ORANGE — For people in trouble with the law, there is hope.
That was the message at a conference sponsored Saturday by the St. Vincent de Paul Center for Community Reconciliation.
"We need to work more with prisoners who have social problems," Judge Jorge Duarte, warden of La Meza Mexican Prison, told the gathering of 50 people at Chapman University.
Speaking in English and Spanish, he said that "in our prisons, we only have a portion of (the criminals) in our society. . . . The best way to fight crime is for the community to get involved. We have to support all these people."
Agreement came from Sister Dorie Valin, director of Campos de San Miguel, a temporary home in Tijuana where abused single mothers can learn a trade and try to turn their lives around.
"We need to give everyone hope," she said.
William B. Lawless, a former New York Supreme Court justice, stressed the need for mediators, saying that rehabilitation, counseling and reconciliation between youths who commit crimes and the people they victimize is a step toward solving some of society's problems.
For a 15-year-old burglar, St. Vincent's Victim Offender Reconciliation Program changed his life. He told the audience that when he came face to face with the woman whose home he burglarized six months ago, he decided he would never do it again.
At first, he agreed to participate in the reconciliation program to avoid going to juvenile hall. But once he met his victim, he felt sympathy for her.
The teen-ager told the conference he doesn't understand why he committed the crime. Through mediation, he and his victim agreed that he and three friends who also participated in the burglary would pay for the appliances they broke during the crime.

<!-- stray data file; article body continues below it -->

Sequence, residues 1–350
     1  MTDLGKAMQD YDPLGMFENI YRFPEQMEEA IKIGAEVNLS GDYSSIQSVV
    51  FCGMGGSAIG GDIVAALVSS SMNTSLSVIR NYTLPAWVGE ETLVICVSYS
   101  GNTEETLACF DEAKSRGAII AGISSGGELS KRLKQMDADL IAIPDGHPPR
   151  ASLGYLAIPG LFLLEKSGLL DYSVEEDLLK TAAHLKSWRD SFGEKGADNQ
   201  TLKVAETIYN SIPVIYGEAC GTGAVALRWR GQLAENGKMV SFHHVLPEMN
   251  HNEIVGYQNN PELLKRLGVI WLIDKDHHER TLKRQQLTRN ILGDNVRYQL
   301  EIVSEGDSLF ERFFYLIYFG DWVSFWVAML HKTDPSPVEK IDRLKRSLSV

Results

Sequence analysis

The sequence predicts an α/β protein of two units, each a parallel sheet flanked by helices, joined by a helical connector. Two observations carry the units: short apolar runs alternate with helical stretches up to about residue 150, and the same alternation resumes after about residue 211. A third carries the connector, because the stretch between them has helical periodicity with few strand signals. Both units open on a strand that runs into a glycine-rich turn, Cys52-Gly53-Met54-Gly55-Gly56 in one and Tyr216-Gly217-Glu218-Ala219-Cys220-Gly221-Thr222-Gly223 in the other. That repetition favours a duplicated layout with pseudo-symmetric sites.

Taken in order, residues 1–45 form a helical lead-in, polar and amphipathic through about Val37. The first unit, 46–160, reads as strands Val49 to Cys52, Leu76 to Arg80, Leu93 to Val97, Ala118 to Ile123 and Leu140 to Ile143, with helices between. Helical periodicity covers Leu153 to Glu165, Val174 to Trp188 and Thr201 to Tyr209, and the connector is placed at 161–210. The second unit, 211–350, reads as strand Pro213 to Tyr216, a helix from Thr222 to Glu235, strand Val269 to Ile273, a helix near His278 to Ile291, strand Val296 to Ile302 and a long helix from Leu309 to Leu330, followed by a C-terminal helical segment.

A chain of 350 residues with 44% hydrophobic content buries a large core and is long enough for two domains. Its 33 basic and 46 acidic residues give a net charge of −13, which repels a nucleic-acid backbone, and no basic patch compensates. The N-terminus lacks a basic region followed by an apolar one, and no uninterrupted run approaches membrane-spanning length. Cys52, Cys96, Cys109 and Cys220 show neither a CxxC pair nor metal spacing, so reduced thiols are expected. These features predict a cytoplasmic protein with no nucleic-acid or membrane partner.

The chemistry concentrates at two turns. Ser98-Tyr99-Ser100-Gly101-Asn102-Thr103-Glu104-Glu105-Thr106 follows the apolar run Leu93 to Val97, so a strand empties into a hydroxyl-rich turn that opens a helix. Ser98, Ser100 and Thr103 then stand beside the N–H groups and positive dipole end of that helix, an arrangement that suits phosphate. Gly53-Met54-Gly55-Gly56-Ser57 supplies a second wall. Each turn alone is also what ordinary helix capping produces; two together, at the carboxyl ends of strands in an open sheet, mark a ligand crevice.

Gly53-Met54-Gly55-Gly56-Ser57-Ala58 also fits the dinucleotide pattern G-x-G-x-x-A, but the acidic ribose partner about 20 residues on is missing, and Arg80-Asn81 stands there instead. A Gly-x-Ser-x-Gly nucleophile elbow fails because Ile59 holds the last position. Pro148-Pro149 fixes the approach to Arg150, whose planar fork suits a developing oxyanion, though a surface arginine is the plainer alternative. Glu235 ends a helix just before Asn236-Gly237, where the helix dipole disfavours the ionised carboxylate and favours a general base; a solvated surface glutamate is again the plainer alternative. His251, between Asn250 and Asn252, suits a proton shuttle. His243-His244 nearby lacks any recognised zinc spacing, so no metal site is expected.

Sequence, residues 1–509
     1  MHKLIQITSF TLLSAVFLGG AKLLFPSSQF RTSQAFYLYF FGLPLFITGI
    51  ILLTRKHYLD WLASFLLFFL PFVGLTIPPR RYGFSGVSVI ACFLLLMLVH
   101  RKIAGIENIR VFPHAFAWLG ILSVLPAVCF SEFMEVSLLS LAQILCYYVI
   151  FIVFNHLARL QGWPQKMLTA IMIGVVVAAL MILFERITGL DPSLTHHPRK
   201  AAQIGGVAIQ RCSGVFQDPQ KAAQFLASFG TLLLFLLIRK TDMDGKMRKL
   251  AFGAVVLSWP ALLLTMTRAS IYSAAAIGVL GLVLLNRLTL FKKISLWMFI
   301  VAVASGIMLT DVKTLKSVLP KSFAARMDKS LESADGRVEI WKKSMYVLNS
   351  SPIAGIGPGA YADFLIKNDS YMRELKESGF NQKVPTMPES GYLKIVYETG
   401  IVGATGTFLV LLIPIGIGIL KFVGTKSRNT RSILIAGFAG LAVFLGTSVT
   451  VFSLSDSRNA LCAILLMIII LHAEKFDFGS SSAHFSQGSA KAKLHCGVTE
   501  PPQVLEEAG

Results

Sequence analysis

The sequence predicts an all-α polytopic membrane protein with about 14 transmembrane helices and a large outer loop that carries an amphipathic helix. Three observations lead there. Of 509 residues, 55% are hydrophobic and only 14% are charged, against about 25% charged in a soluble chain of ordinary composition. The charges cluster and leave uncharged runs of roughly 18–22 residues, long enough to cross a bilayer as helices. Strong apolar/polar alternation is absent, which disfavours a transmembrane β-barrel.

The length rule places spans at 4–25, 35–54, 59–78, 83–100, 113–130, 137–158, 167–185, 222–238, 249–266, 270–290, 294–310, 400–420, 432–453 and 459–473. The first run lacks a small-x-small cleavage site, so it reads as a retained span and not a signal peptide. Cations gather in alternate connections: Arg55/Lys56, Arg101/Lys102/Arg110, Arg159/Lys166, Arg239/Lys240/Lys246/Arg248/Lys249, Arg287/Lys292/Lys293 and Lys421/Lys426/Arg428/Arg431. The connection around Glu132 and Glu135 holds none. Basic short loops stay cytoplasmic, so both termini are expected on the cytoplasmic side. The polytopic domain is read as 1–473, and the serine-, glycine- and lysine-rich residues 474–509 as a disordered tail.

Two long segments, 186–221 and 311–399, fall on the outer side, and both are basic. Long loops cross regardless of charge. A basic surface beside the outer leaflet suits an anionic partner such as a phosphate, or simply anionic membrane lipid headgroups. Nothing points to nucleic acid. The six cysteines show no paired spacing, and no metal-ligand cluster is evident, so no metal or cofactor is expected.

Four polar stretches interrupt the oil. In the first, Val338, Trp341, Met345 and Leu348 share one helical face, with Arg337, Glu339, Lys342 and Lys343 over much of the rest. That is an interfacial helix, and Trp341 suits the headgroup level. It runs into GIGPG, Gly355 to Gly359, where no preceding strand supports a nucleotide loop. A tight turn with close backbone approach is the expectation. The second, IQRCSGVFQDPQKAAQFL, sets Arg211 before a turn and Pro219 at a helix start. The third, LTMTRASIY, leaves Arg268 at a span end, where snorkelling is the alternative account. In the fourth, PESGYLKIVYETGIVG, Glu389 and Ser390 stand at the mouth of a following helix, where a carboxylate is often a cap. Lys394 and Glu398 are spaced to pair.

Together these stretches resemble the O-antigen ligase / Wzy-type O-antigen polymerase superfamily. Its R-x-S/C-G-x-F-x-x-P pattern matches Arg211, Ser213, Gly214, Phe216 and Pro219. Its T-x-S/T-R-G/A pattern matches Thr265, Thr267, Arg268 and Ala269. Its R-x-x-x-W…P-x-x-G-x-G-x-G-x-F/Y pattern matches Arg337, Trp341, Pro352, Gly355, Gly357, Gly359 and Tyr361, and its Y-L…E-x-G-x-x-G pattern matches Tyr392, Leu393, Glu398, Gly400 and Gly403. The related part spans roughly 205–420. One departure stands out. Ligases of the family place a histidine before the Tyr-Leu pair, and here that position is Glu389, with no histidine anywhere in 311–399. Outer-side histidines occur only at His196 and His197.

The program's manager, Mike Niemeyer, said hundreds of other youths with similar experiences go through the mediation program each year. It receives referrals from the juvenile courts.
"It gives the offender and the victim a sense of hope," Niemeyer said. "We all share in common the need for reconciliation. Things can be resolved. That brings hope to people."
Volunteer mediator Carolyn Mortenson of Placentia said: "We're trying to make the community better. People have to have alternatives."
Working with juvenile offenders before they get "lost in the system" can make a difference, said another volunteer, Jane Foley of Newport Beach.
"If we could do something in the beginning to keep the kids out of the system, we could change their lives," she said. "I hope all of us here can change somebody's life (and) make a positive difference."
Magdelino Rose-Avila, a director for Amnesty International, applauded the volunteers.
"I worked in the fields with Cesar Chavez for four years when I was a young violent youth," he said, adding that Chavez "turned my life around and those of you who work so hard for justice, he would want to compliment you."